Make It Easy with Multi-Needle
Some items are much easier to embroider on a multi-needle machine.
Structured Caps: Embroidering on a structured cap is one of the many reasons why people buy a multi-needle machine. The machine’s ability to embroider on the front and sides of the hat is a benefit. The cap attachments that either come with your device or are purchased separately are designed to make cap embroidery easy.
Belts/Sashes: Multi-needle machines have a special hoop called a belt hoop. The hoop includes high-pressure clamps that allow you to embroider thick belts or sashes without having to float it over the hoop and run the risk of the item shifting.
Duffel Bags: You can embroider on a large duffel bag without removing any stitches. Your machine will have enough clearance underneath the machine head for the bag to move around and not get caught in the embroidery area.
Decide what you want to embroider first. If your machine comes with a cap driver and rings, you have options. You can embroider on a flat item or a cap. Each type of embroidery comes with different parts that are needed to hold each item.
Flat embroidery refers to items that lay flat and are not dimensional. These items include t-shirts, jackets, bags, and more. The parts needed to hoop flats are different size hoops to match your item size and the bracket to hold the hoops on the machine.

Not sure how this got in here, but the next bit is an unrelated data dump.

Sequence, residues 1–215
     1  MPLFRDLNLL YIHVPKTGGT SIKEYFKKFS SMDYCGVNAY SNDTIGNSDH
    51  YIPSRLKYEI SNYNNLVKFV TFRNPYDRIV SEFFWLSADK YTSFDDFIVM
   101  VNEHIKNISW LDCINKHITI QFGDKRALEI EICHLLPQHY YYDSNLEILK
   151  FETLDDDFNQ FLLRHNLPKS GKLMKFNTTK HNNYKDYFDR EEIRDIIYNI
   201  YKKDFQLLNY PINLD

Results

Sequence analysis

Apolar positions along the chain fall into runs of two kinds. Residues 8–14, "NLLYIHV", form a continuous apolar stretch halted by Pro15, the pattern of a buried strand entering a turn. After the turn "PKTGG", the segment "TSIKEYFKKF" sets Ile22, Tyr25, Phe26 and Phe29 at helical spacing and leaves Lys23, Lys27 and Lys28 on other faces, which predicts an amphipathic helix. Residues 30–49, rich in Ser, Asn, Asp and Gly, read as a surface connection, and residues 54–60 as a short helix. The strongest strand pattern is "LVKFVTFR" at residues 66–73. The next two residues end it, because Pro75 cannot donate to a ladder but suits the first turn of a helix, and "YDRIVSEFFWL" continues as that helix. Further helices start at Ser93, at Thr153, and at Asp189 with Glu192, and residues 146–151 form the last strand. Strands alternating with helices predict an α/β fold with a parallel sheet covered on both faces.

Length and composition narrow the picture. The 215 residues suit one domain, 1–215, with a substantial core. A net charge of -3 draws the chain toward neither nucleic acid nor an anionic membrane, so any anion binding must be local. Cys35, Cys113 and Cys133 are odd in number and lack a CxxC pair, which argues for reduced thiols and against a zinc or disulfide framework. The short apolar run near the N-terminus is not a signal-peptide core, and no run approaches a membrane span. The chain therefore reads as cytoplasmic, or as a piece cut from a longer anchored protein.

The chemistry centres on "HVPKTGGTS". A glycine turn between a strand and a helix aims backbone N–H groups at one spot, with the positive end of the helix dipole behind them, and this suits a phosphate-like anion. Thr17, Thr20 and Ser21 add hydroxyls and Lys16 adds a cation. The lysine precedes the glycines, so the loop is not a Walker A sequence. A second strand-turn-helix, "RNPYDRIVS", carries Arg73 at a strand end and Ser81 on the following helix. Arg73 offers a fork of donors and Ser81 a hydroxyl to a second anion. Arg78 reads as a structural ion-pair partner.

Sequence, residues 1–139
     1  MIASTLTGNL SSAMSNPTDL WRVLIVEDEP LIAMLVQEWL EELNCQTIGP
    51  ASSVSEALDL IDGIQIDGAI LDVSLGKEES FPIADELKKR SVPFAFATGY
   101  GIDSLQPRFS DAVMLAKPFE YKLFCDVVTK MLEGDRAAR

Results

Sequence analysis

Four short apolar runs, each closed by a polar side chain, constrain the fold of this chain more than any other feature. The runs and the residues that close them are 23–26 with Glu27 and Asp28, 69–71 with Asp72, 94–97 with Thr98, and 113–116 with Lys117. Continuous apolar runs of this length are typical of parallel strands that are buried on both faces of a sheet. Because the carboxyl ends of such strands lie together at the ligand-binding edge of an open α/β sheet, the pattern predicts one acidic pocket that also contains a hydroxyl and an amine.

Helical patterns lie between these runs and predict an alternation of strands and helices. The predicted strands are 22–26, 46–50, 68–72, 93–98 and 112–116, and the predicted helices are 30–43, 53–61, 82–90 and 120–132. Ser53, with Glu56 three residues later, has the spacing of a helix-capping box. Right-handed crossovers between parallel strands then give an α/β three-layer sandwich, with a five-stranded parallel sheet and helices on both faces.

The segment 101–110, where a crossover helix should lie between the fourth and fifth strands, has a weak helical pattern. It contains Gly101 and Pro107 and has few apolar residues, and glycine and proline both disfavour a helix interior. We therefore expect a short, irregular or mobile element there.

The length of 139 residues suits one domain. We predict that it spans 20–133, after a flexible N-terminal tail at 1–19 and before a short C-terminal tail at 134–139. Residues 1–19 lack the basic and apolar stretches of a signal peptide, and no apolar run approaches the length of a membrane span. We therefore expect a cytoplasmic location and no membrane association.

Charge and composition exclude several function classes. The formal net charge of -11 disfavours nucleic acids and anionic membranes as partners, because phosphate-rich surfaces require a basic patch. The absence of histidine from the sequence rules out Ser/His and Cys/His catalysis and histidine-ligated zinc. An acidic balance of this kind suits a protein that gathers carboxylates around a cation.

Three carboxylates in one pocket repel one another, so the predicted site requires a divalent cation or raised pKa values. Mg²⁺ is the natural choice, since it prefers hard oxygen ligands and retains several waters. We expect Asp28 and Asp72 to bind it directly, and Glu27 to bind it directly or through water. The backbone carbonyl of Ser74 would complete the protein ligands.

Cap embroidery refers to caps, which is largely self-explanatory. You will need the cap driver, ring, and a cap-hooping station.
Stabilizer is essential for all machine embroidery. It supports the fabric during the stitching process to prevent puckering or stretching. The proper stabilizer depends on the type of fabric you will use. Here’s a brief primer to use as a guide.
- Provides permanent support.
- Provides the most stability.
- Comes in heavy, medium, lightweight, and heat-set fusible.
- Cutaway the excess from the design perimeter after stitching.
- Provides light support.
- Comes in heavy, medium, lightweight, and adhesive.
- Use on tightly woven fabrics.
- Tear away the excess from the design perimeter after stitching.
- This fabric-like stabilizer is used behind designs and removed after stitching.
- Use on top of napped fabric to prevent stitches from sinking into the texture.
- Tear it away or use water to remove it after stitching.
Ready, Set, Stitch!
Each machine is different, but here are the basic steps you will use to embroider on your multi-needle machine.
- Unlock the machine if it has a lock function.
- Choose the design from the USB stick.
- Select the desired hoop.
- Choose the colors from the design run sheet.
- Set the speed.
- Insert hoop onto the machine.
- Make sure the design is where you want it to be on the screen using the arrow keys.
- Lock the machine.
- Trace out the design to make sure the needle will not hit the hoop.
- Press “Start.”
This series premiered in Creative Machine Embroidery. Watch for part 3, coming to the blog soon. And subscribe to CME now so you don’t miss any of our great stuff!